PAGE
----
Defendant bears the burden of showing the trial court abused its discretion in allowing this evidence.   Such an abuse of discretion must be  affirmatively demonstrated and will require reversal only when it clearly appears that a prejudicial abuse of discretion has occurred.   (Mission Imports, Inc. v. Superior Court (1982) 31 Cal.3d 921, 932, 184 Cal.Rptr. 296, 647 P.2d 1075.)   The California cases cited by defendant for the proposition that Agent Cid's testimony was erroneously received are inapposite or unpersuasive.   In Westbrooks v. California (1985) 173 Cal.App.3d 1203, 219 Cal.Rptr. 674 the court held it was error for the trial court to admit the testimony of an expert that an accident scene was not a dangerous condition, as the jury was well able to determine for themselves whether the condition was dangerous or not, without resorting to any expert testimony.   The basis for the reversal was the court's determination that the facts presented were well within the common experience of lay jurors.  (Id. at pp. 1209–1210, 219 Cal.Rptr. 674.)

In People v. Bledsoe (1984) 36 Cal.3d 236, 203 Cal.Rptr. 450, 681 P.2d 291 our Supreme Court reversed defendant's rape conviction based on expert testimony regarding “rape-trauma syndrome.”   The court held this syndrome was a therapeutic device designed to identify and treat the victims of rape, and was of no assistance to the trier of fact in determining whether or not a rape had actually occurred.  (Id. at pp. 247–251, 203 Cal.Rptr. 450, 681 P.2d 291.)

In People v. Hernandez (1977) 70 Cal.App.3d 271, 138 Cal.Rptr. 675 the court found an abuse of discretion by the trial court in admitting testimony regarding a police officer's opinion that defendant's shaking his head from side to side meant that he had been asked if he had any more narcotics and had responded that he did not.  (Id. at pp. 274–275, 138 Cal.Rptr. 675.)   The court held the officer's expertise did not add any probative value to the evidence, which the jury was quite capable of analyzing for itself.  (Id.)

A wealth of California cases, however, allow expert testimony in the field of narcotics.  (See People v. Williams (1988) 44 Cal.3d 883, 245 Cal.Rptr. 336, 751 P.2d 395 [police officer can testify defendant was under the influence of narcotics];  People v. Nunn (1956) 46 Cal.2d 460, 296 P.2d 813 [police officer allowed to testify most addiction results from criminal association rather than pain medication];  People v. Douglas (1987) 193 Cal.App.3d 1691, 239 Cal.Rptr. 252 [police officer allowed to testify that a long hypothetical indicated that marijuana was possessed for sale];  People v. Arguello (1966) 244 Cal.App.2d 413, 53 Cal.Rptr. 245 [police officer allowed to testify pills were narcotics that were possessed for sale].)   Though defendants contend the testimony here went beyond a mere recitation that narcotics were possessed for sale, which is of course true, we nonetheless believe the subject matter was sufficiently beyond the common expertise of the trier of fact to render expert testimony not only helpful but necessary for an understanding of the meaning and import of various actions.   Accordingly, we find no error in the trial court's admission of Agent Cid's expert testimony regarding the significance of various activities and the role of each defendant in the hierarchy of a Columbian cocaine distribution cell.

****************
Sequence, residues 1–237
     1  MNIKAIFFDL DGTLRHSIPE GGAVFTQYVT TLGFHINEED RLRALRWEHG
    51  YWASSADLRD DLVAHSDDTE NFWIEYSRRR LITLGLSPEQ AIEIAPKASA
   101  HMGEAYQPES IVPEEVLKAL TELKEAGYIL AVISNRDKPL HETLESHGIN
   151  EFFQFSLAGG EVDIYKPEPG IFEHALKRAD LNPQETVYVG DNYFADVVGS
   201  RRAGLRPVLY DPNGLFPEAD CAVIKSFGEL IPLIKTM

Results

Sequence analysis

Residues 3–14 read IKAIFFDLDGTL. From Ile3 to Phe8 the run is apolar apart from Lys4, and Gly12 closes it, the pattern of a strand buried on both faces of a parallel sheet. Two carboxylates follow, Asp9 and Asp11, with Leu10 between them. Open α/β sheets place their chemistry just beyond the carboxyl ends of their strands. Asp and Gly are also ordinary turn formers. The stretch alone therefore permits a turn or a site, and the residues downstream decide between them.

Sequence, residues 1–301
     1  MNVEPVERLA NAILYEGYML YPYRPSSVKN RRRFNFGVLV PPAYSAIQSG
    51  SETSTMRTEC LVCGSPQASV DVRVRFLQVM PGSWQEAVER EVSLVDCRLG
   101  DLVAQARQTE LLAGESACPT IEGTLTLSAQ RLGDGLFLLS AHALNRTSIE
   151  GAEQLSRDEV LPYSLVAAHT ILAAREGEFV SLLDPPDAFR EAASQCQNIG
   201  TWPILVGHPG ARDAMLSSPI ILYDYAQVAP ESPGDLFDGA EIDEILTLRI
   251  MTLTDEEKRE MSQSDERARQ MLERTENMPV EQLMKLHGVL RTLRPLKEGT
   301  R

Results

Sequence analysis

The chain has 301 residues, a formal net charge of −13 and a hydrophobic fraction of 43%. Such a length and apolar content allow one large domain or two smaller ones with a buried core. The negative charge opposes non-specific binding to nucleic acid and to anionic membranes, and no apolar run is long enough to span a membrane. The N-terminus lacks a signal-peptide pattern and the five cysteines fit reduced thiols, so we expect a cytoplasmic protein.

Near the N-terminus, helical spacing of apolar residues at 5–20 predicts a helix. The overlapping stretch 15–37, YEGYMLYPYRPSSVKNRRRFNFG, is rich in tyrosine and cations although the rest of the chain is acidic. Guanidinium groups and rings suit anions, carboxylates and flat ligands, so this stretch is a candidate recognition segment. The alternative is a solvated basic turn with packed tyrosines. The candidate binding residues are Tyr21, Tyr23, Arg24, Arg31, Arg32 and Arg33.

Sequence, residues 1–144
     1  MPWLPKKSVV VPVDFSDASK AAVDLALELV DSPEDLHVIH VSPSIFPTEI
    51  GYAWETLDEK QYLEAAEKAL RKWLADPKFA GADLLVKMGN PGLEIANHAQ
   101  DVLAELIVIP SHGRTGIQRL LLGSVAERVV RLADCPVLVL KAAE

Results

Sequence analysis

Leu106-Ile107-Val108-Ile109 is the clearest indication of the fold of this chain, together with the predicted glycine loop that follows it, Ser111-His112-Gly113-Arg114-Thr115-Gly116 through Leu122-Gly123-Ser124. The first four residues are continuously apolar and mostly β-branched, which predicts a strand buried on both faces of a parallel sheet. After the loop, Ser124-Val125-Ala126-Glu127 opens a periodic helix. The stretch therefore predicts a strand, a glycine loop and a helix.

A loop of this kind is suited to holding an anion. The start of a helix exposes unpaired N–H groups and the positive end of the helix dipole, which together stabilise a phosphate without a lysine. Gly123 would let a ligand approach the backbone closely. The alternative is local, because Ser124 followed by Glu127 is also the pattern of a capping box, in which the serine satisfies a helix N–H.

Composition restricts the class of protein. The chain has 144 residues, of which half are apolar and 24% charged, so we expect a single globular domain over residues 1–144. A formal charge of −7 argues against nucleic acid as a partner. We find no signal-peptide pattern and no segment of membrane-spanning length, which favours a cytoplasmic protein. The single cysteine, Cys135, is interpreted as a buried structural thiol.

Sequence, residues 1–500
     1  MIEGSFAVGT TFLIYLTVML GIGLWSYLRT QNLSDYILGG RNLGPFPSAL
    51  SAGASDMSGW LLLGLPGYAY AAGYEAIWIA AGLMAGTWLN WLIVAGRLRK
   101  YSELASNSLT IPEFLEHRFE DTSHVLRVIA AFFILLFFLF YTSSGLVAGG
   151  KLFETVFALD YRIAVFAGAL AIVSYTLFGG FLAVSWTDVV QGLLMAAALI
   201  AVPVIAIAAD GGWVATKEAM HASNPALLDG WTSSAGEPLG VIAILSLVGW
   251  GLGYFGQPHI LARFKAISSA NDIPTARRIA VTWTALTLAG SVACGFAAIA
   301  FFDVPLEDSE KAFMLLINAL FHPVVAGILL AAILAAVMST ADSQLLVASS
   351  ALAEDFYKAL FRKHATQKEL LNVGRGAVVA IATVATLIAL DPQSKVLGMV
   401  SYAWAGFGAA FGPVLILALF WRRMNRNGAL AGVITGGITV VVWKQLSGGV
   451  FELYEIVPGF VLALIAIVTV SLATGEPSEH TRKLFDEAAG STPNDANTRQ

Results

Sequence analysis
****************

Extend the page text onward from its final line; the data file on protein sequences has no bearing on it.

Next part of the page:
IV–V **



 Defendant Villada contends the court erred in ruling it had no authority or discretion to impose a sentencing enhancement of less than 15 years under Health and Safety Code section 11370.4.  Health and Safety Code section 11370.4, subdivision (a)(4) states that, “Any person convicted of a violation of, or a conspiracy to violate, Section 11351, 11351.5, or 11352 with respect to a substance containing heroin, cocaine base as specified in paragraph (1) of subdivision (f) of Section 11054, or cocaine as specified in paragraph (6) of subdivision (b) of Section 11055 shall receive an additional term as follows ․ Where the substance exceeds 100 pounds by weight, the person shall receive an additional term of 15 years.”